Independent Sen. Bernie Sanders of Vermont announced Wednesday that he will oppose President Obama's nominee to head the Office of Management and Budget (OMB), replacing Peter Orszag who left his post for the private sector.
In a statement released from his office, Sanders said, "Jack Lew was kind enough to meet with me last week in my office and to answer my questions at a Senate Budget Committee hearing. Frankly, I found too many echoes of the failed policies of the past in his responses to my questions on trade policy, Social Security, deregulation of banks and other issues."
Sanders, in a floor speech after his statement reiterated his concerns railing against "a tax code that is so unfair and so absurd" where "the rich get richer and the poor get poorer."
"It is my strong belief that President Obama needs an OMB Director who is willing to stand up to corporate America and the wealthy, say enough is enough, and fight for policies that protect the working class in this country," Sanders said in paper statement, Unfortunately, I do not believe Mr. Lew is the right man at this time for this important job."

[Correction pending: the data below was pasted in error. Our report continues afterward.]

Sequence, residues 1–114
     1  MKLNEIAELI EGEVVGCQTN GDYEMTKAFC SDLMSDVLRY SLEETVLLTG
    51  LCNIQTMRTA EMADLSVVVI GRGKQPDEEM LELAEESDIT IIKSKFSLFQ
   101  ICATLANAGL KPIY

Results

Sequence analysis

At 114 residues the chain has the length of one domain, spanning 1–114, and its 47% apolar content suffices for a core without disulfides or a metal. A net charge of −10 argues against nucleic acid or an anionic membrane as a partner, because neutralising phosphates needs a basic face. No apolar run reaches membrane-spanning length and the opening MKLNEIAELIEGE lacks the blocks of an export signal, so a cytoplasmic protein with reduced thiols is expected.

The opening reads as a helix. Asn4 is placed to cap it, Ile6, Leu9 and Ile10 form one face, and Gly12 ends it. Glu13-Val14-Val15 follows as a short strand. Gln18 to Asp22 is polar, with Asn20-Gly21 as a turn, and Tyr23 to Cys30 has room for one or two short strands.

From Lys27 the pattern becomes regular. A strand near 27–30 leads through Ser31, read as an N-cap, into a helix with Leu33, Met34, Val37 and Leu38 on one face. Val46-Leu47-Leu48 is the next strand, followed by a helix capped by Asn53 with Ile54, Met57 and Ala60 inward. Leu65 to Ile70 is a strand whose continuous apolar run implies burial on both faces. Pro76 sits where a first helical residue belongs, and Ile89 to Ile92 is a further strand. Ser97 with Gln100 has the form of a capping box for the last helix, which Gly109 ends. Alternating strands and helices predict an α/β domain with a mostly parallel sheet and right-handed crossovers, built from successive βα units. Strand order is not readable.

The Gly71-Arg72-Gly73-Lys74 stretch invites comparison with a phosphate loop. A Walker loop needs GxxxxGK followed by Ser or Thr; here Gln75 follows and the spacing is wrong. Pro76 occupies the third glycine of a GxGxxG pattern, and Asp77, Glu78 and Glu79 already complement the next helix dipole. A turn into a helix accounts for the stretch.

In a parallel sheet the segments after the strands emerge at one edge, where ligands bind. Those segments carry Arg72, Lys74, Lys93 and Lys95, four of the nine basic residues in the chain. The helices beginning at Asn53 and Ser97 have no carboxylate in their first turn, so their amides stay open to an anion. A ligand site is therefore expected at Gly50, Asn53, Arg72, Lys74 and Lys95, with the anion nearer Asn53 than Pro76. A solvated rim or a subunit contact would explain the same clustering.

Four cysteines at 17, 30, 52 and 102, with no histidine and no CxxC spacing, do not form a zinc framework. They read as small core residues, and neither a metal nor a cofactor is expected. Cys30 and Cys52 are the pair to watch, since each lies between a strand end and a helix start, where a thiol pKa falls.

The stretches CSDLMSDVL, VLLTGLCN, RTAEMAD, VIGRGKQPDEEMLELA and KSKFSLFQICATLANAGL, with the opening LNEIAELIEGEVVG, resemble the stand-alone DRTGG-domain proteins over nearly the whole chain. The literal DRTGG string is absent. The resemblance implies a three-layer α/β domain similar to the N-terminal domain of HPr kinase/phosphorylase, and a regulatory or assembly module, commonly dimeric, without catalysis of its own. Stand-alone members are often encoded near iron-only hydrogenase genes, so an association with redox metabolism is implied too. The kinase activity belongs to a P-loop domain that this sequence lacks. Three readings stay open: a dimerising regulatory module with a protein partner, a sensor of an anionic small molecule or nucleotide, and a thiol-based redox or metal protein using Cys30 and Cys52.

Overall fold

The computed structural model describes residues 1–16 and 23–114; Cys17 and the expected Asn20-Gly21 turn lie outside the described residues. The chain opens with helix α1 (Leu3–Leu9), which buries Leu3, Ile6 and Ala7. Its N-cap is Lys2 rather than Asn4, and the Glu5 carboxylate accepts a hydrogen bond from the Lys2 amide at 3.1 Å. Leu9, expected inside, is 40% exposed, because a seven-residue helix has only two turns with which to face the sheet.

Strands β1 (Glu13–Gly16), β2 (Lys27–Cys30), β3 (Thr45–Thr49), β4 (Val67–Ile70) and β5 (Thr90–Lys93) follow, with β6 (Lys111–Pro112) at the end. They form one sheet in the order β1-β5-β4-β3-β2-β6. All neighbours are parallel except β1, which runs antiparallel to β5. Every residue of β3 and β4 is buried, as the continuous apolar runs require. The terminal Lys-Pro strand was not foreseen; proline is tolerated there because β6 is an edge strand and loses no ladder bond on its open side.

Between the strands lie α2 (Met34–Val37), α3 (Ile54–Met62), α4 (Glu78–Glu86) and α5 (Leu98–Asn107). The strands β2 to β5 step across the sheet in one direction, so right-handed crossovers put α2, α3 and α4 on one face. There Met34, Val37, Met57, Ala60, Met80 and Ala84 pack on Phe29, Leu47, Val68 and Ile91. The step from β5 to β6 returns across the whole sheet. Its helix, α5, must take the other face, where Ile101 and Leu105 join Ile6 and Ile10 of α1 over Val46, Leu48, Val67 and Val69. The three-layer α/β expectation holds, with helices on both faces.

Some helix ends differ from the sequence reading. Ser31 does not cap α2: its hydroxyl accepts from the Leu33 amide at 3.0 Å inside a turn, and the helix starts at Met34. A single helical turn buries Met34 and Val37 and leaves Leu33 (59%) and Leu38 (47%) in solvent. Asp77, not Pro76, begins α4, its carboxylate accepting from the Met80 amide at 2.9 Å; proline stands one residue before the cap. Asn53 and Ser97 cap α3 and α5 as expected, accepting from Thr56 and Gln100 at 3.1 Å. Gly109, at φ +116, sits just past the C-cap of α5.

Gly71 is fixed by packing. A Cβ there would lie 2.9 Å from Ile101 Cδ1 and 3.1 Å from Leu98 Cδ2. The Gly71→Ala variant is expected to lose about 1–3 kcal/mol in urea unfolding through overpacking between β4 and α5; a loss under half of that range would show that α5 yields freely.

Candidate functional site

Lew, a former OMB chief to President Bill Clinton, was unanimously approved by the Senate Homeland Security and Governmental Affairs Committee this week. The nominee is also expected to gain the approval of the Senate Budget Committee Thursday.
It is unclear when the nominee will see a full Senate vote, but the outcome of that vote does not appear to be a question. Lew is expected to be confirmed in a bipartisan fashion. Sen. Judd Gregg, R-NH, top Republican on the Budget Committee, has called Lew a "brilliant pick."
At his Budget Committee confirmation hearing last week, Lew told Sanders that he did not know the extent to which deregulation drove the financial industry collapse.
Lew is a former executive of Citigroup.